As June arrives, weathermen across the nation are making predictions about the upcoming hurricane season. Regardless of their forecast, for those living in hurricane prone areas even a “quiet” season prediction doesn’t quite ease their minds, they’ve learned from experience that it only takes one hurricane to do millions of dollars in damage (ie: think Katrina, Andrew or Sandy). What can ease their concerns is the knowledge that their home or business has been tested or designed for these powerful weather events. While no one fortification can completely ensure a structure will withstand all wind or windborne debris, testing and design can aid in the building’s survival.
Miami-Dade County has received its share of hurricanes, but Hurricane Andrew devastated the area. Immediately following Andrew, Florida began to implement building code changes. Today, Miami-Dade County is a shining example of research and testing that has resulted in some of the most advanced requirements in hurricane protection. The “High Velocity Hurricane Zones” section of the Florida Building Code contains some of the most stringent home defensive measures in the United States today. In fact, the basis for the 2015 IBC Section 1609 that addresses wind load issues for construction is based on the south Florida regulations.
New homes constructed in the hurricane prone areas of Miami-Dade and other south Florida counties are required to meet certain requirements for wind and windborne debris. Building products are certified against these requirements by Miami-Dade County, and the testing must be performed by a Miami-Dade County certified laboratory. ASTM E1886 and ASTM E1996 are the standards that building envelope elements are tested against. For hurricane resistance, these standards describe in detail how to perform wind load and windborne debris testing.
Depending on the product being evaluated, tests other than ASTM E1886 and ASTM E1996 could be required. Individual building products such as adhesives, tile systems, roof membranes and more are also required to undergo a series of rigorous testing. A series of documents, Testing Application Standards (TAS), describes how this testing is to be performed on various building products. Miami-Dade has made their database of product approval checklists (http://www.miamidade.gov/building/control-forms.asp) and approved products (Miami-Dade Product Control Search) available on their website.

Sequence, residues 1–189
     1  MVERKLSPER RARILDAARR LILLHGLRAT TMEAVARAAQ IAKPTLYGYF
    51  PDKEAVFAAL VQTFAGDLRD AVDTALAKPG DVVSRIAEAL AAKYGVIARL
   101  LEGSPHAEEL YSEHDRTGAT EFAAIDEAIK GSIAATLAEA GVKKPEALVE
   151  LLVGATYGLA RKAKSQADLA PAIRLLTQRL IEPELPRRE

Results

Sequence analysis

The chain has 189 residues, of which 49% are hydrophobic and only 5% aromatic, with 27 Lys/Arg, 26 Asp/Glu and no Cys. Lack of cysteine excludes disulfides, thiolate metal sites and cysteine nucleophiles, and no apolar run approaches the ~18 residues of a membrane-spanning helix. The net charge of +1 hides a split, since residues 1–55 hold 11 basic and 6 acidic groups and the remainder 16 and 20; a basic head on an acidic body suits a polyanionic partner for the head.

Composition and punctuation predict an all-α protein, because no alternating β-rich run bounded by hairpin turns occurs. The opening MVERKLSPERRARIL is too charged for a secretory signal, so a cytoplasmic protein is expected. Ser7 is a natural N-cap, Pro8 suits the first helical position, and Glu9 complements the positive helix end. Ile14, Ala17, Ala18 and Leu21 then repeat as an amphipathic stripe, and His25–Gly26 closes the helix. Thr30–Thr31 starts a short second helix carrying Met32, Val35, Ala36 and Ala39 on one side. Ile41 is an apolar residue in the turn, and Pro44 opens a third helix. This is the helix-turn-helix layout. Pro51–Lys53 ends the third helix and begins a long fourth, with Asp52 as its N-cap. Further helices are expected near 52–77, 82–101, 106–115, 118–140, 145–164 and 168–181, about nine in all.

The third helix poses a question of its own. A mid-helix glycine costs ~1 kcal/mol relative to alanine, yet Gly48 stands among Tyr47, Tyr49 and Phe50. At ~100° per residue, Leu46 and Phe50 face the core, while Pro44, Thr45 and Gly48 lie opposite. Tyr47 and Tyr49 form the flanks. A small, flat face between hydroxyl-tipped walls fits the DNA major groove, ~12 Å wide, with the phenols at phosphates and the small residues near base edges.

Existing homes also have options available to them that allow them to take advantage of the protection that modern building science offers. Florida has published the Hurricane Retrofit Guide to help homeowners determine how to increase the structural integrity of their homes. Home improvement projects on existing homes are often chosen based on cost to the homeowner, so the Institute for Business and Home Safety (IBHS) has created a Homeowners Guide to Hurricane Retrofit that lists retrofitting projects by cost categories, from least expensive to the most costly.
If your building product is likely to be used in a hurricane zone, for either new construction or as part of a retrofitting project, you need a Miami-Dade Approved Laboratory. NTA is Miami-Dade Certified and currently performs many of the strict tests they require for many types of building products:
- Miami-Dade impact and wind testing
- Hurricane testing on doors, curtain walls, windows and shutters
- Large missile impact
- Uniform load
- Air infiltration
- Water infiltration
- Cyclic wind pressure
For more information on our Hurricane/Miami-Dade Approved Testing Services, feel free to contact NTA.